Good morning, David. First question: what coffee are you drinking?
I’m drinking an estate coffee called “Finca El Valle” from Antigua, Guatemala. Finca El Valle was the first direct trade estate partner I worked with, going back more than 25 years now, and it is a coffee I still buy for the same roaster. It was from a small specialty farm nestled at the foot of three volcanoes, owned by a determined woman, Christina Gonzales. She was supported by her husband and three sons. It has been a favorite of mine, in part because through this sourcing relationship I’ve come to create the elements of transparency and trust that are core to the Relationship Coffee model. It is a delicious coffee, with intense sweetness, with notes of brown sugar, nougat, and molasses.
Why are there so many women coffee growers?
We started our first women’s coffee program in 2003 in Nicaragua. While far from perfect, some of the economic reforms following the Sandinista Revolution provided women with the ability to seek joint ownership rights to the land they worked with their husbands. Many women have since been able to grow their coffee separately from their spouses. One group of about 140 women growers came together to form a cooperative, and we found that their coffees scored consistently higher in cup quality.
In fact, women-owned collectives score higher across the board than mixed-coffee collectives, and this data point is true in most origins. When you ask the women, they’ll tell you that they take better care of growing, picking and processing their coffee than the men.
In addition to quality, our buyers prefer purchasing coffee grown by women because of their higher impact. The purchase premiums go directly to the women’s groups, and World Bank studies have shown that, on average, 90 percent of their increased income is invested into the household. If you want to impact families and lives, supporting entrepreneurial women coffee growers is a really good way to do it.
You were somewhat of a pioneer in sustainability when you started Sustainable Harvest in 1996.
That’s true. It was an unusual approach to business at the time. When I would share my sustainable business concept three decades ago, I would typically have to first define the concept of sustainability. People were sceptical, as though I were trying to cover up a badly produced coffee with a lovely story.
But then buyers would call me a week after I had left them samples and say, “Wow, that coffee tastes incredible! Please tell me the story behind it!”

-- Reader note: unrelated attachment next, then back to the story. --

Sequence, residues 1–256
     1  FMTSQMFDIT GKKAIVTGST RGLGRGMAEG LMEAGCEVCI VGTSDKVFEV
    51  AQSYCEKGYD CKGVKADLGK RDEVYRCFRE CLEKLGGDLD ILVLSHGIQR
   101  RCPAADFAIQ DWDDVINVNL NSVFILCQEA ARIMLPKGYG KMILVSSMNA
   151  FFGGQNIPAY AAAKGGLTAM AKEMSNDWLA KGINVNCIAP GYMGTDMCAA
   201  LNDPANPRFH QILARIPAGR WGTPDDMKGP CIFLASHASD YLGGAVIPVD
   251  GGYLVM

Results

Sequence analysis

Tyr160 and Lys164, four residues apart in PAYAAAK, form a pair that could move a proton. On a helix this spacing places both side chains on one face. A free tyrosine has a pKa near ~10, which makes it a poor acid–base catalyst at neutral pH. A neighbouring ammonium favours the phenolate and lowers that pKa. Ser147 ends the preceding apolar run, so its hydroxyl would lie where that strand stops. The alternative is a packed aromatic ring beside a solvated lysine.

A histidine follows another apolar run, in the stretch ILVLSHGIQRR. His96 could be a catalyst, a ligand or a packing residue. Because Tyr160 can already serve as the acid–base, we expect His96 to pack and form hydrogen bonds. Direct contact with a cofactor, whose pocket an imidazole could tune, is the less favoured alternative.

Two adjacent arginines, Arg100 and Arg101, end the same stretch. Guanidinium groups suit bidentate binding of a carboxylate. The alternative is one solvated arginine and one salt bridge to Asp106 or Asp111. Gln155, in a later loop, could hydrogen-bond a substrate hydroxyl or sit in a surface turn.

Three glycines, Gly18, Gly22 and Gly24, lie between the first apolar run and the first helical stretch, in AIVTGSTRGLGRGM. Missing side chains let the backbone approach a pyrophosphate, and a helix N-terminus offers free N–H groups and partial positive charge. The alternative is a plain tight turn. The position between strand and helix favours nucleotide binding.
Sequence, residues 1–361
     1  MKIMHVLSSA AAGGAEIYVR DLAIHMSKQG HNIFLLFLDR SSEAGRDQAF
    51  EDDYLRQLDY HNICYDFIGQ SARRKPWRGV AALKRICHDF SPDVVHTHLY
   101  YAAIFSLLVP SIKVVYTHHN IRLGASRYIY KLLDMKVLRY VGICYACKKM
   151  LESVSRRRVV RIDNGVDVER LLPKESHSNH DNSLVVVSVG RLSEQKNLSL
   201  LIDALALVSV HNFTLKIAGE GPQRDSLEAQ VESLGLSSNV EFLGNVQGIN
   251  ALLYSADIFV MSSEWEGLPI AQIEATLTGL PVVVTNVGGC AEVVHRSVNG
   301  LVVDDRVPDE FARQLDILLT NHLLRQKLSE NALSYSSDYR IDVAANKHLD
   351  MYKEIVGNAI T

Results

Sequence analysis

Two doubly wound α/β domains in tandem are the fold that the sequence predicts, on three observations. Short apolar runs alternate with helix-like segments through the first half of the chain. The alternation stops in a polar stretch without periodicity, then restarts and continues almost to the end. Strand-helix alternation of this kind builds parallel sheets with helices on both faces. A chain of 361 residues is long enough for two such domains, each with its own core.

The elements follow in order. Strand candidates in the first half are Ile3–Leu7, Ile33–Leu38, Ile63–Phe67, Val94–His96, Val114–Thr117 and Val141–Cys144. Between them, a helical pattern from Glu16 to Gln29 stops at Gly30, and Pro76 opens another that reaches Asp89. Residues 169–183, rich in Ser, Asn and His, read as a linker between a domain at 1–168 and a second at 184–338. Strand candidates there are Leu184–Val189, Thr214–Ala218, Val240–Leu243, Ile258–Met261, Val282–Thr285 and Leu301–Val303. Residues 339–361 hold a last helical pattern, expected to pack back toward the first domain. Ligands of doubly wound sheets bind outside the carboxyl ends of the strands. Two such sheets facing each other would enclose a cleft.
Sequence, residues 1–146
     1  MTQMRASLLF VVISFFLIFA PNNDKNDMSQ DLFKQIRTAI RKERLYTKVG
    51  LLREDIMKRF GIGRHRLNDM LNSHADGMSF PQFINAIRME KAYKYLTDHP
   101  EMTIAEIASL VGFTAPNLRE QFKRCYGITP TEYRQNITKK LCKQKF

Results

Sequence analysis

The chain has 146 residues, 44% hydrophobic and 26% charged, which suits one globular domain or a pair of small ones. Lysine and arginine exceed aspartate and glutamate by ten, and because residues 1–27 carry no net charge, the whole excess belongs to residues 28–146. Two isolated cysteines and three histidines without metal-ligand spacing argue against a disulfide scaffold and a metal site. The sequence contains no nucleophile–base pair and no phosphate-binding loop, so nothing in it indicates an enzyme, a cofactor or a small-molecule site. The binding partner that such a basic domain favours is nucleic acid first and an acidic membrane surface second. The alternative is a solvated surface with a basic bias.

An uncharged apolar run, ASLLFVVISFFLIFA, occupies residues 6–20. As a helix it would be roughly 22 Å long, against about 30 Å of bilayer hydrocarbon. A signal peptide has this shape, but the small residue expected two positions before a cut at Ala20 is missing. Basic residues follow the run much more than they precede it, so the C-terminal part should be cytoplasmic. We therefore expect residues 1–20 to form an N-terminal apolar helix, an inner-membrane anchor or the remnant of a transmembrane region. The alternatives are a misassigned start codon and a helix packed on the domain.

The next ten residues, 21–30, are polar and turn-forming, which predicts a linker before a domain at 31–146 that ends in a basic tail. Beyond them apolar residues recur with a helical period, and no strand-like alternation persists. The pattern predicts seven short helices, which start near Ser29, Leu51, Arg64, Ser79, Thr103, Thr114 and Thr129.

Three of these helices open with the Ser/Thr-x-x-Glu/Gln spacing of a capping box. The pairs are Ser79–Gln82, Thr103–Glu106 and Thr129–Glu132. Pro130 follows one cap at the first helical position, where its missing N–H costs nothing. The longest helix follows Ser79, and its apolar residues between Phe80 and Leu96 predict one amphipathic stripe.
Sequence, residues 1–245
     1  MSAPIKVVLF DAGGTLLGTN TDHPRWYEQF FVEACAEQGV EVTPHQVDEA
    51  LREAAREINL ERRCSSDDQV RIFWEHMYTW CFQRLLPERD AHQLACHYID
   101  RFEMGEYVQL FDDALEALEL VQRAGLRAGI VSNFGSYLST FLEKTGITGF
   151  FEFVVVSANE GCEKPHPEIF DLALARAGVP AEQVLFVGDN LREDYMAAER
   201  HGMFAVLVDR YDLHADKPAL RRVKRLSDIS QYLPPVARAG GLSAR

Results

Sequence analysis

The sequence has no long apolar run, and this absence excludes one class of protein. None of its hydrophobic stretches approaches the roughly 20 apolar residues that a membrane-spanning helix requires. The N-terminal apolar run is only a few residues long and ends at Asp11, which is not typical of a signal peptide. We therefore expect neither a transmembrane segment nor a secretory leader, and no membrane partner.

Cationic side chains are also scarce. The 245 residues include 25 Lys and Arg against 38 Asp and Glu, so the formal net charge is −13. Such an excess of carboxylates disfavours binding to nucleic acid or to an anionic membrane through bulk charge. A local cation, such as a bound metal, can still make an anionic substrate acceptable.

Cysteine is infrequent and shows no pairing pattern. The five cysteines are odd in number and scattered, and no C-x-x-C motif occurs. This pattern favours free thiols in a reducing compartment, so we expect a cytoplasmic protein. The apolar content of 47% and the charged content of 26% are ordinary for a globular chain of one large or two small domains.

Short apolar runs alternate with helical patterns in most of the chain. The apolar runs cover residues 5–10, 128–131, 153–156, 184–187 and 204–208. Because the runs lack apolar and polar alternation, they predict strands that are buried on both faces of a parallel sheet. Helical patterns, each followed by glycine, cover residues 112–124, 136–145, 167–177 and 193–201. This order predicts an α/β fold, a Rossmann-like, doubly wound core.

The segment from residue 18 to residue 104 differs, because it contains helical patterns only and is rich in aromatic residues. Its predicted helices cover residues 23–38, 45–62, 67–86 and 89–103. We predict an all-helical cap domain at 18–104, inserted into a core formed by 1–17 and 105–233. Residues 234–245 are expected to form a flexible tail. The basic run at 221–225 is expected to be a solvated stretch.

How would you define your Relationship Coffee business model?
Relationship Coffee is a business model that is about stakeholders working collaboratively toward a common good that benefits all of the many actors that make up the supply chain. The core values in Relationship Coffee are empathy, communication, transparency, and trust. It considers the needs of all the stakeholders, not just maximizing the profits of one party. It puts people ahead of profits and takes into account both sides of the coffee equation.
Isn’t this just stakeholder, rather than shareholder, capitalism?
We are a big proponent of stakeholder capitalism. We were the first coffee company certified as a B Corporation. We are not just concerned with shareholder value, but also the needs of other stakeholders. This includes our suppliers, our employees, the community, and the environment.
The Stanford Graduate School has conducted case studies analysing our Relationship Coffee model. They noted that where a traditional model only focuses on a buyer-seller approach, the collaborative model of Relationship Coffee brings more actors to the table. Because more actors have a vested interest in how the community will be impacted by a business decision this often means that they can bring other resources. We must find new and innovative ways to bring a wider group of diversified stakeholders to the table.
Are coffee farmers better off now than when you started 30 years ago?
I want to say we’ve made progress, but we’re nowhere near declaring mission accomplished. Recent data shows the current generation of coffee farmers makes less than half of what their parents made. For millions of producers, the coffee industry is still broken.
If farmers are worse off, doesn’t it mean that only the coffee quality has increased, and that all your efforts have benefited the consumer and not the producer?
You are right; the producers have not received their fair share of the benefits that the specialty coffee market has generated. That has stayed up in the North, and the most recent data tells us that producer nations’ slice of the pie is a mere 10 percent of the total coffee market value. That is not sustainable for a global market. The coffee market is not serving all its members, and we’re putting our supply chain at risk if we don’t take serious action as individual companies to reverse this trend.
So, I’d ask the question a different way. Are your coffee farmers better off than they were 29 years ago – the ones that have relationships with?
I would hope that they are better off because of the investments we’ve made. We are now sourcing from almost 20 countries, we’re training leaders from over 100 cooperatives, and we are impacting over 200,000 smallholder coffee farmers and their families.
Thank you, David, for your time and input!
© Commodity Conversations ® 2020
This is an extract from my upcoming book Crop to Cup – Conversations over Coffee due to be published later this year.